Is a Monetary Union Between Sovereign States Doomed to Fail? : The Case of the EMU
fixed exchange rate regime
current account deficit
VDP::Social science: 200::Economics: 210::Economics: 212
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AbstractThe European Economic and Monetary Union (EMU) is a historic construction. It is a
monetary union among sovereign states that have surrendered their monetary policy and
entered a fixed exchange rate regime, while maintaining an autonomous fiscal policy. Internal
and external macroeconomic imbalances have developed between the member states since the
creation of the monetary union, but the effect of this development became more visible after
the financial crisis, as it led to some European states requiring emergency assistance from the
IMF and the EU.
This thesis studies whether the development of imbalances in three southern European
countries, namely Greece, Italy and Spain, were: (a) the result of purely domestic sources; (b)
the result of domestic difficulties amplified by EMU membership; or (c) the result of these
countries joining the EMU, regardless of their domestic state of affairs prior to membership.
The purpose is to understand what caused the imbalances to develop, as this has implications
for the long run survival of the EMU, as well as how to construct potential new monetary
unions between sovereign states.
The method used is a country-specific case study of Greece, Italy and Spain, highlighting
the differences and similarities of macroeconomic and microeconomic variables as well as
policies between the countries from 1992 until 2011. To reveal when the imbalances started to
develop the sample years have been divided into three periods: a pre-EMU, a core-EMU and a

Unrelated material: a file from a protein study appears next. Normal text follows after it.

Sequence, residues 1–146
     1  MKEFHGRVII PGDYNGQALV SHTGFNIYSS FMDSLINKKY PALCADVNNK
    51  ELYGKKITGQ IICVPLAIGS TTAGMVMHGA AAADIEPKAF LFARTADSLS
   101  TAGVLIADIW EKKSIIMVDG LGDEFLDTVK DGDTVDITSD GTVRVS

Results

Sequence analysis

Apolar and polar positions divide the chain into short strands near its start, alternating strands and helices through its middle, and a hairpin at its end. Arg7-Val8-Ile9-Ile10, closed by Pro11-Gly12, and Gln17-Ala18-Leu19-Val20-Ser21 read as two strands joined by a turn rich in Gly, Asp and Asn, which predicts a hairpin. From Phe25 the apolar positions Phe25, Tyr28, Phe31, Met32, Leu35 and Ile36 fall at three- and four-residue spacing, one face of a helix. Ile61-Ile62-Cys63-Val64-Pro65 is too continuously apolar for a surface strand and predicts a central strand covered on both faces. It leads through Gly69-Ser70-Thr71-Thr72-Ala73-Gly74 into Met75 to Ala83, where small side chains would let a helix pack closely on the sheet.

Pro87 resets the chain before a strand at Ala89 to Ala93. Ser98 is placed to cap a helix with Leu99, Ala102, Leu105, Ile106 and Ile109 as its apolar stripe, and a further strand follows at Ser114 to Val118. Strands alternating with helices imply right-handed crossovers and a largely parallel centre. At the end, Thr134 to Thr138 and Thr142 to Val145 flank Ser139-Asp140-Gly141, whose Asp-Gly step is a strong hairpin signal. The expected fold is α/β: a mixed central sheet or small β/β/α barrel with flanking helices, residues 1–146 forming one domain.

crisis-response period. The results are discussed for each country to discover the sources of
the internal and external imbalances, and to evaluated whether the already suggest policy
measures will remedy and hinder reoccurrence of the current problems in the EMU.
The outcome of the case study is that the EMU membership amplified existing domestic
imbalances in Greece, Italy and Spain. This amplification happened due to the more
integrated financial market that led to the disappearance of the long-term interest rate spreads,
resulting in easier access to credit for the government. Italy and Greece took advantage of
this, while in Spain, the more integrated financial market caused the private sector to take on
excessive debt. Greece, Italy and Spain experienced higher cost growth relative to the other
EMU member countries, causing above average inflation and an appreciation of the real
exchange rate. The countries lost competitive power relative to the other EMU member states
and emerging markets. Identified sources of external imbalances were declining private and
public saving rates combined with increased investment that created balance of trade deficits.
Italy and Greece exemplify that a monetary union between sovereign states is doomed to
fail when the regulatory framework lacks strong sanction possibilities. This is due to moral
hazard on both the lending side, represented by the financial institutions, and on the
borrowing side, represented by the governments. The presented evidence suggests that stricter
financial regulation and firmer sanctions in the Stability and Growth Pact (SGP) are needed if the EMU is to survive in the long run, as the control mechanisms of the countries’ fiscal
policy were too weak, relative to the large negative spillover effects from reckless borrowing.
The policy implications that inform this, is that the EMU do not need to form a federal
state or a fiscal union to survive in the long run, if the new macroeconomic surveillance
regime as well as the SGP is obeyed to by all member states, in addition to implementation of
an EMU-wide financial regulation framework. The main findings of this study can be
generalized to other potential monetary unions in the making without a fiscal union, keeping
in mind the limited nature of examining only three of the current 17 EMU member states.